• Thank you thank you thank you Tin Man. I was thinking of dear Theadora, and how much help she will be when it comes to finding wonderful old furniture for my small house in Paris. Now here’s the scoop on the bathroom. The only things we had to buy was paint, six white tiles and some beading to finish the gyproc repair. EVERYTHING else was plundered from around the house. Right down to the perfect fresh purple gloxinia. The speakers under the toilet – a stoke of whimsical genius. Now if I could just get Clever Son to wire speakers so Edith Piaf serenaded one in the bathroom it would be perfect. V

  3. Ring-a-ding-ding! I am late to the launch of your Salle de Bain. Goodness. Wreaths and powder room supreme make-overs? You are in a magnificent creative zone. Where to start? Yes, you’ll have to add wire speakers. What a great idea, Tin Man! So many sweet touches. Your cosmetics are sitting on the table. (I collect the trays at the fleas. They’re perfect for dinner party shindigs!) The chandelier, ancient perfume bottle, mirrors, coat rack and blue twilight paint are also brilliant touches. Again, thanks for the inspiration! T.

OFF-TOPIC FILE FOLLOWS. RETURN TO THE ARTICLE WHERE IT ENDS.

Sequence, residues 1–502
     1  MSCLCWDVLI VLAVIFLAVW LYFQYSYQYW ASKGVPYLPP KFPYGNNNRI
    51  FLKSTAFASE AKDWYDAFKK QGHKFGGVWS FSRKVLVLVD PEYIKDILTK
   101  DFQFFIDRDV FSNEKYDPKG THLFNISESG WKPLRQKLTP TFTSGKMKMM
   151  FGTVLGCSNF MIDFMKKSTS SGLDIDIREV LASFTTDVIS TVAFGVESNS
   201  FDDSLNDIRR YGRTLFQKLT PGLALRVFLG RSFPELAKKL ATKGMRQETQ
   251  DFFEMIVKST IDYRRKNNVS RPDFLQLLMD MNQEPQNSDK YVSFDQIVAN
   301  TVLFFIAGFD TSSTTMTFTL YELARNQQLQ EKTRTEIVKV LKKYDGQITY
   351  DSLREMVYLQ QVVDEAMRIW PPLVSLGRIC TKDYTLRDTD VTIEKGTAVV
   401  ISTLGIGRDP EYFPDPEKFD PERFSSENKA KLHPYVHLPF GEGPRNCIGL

4. Your boudoir is a vision of French loveliness. What a creative little thing you are to transform the mundane into the fabulous. Rich and regal…like you my dear friend. You are certainly full of energy to get so many home projects done! I’m still stuck on the kitchen cabinets. Oh if I just had a ship to whisk up to the north and ferry you here to inspire me to work on my own maison. Keep the tutorials coming! I enjoy them all! Have a lovely week my friend! Ginny

    • In this life you never know Ginny. Perhaps my own ship will take me to your country home. I can imagine us staggering under the weight of paint cans and finds from flea markets and antique stores. Raiding your paper studio for inspiration. Then cooking in you new kitchen. At the end of the day we would stroll down a quiet country road and tell each other how clever we are. Virginia

  5. Pingback: HOW TO CREATE A FRENCH BATHROOM ON A BUDGET | Bel' Occhio's Blog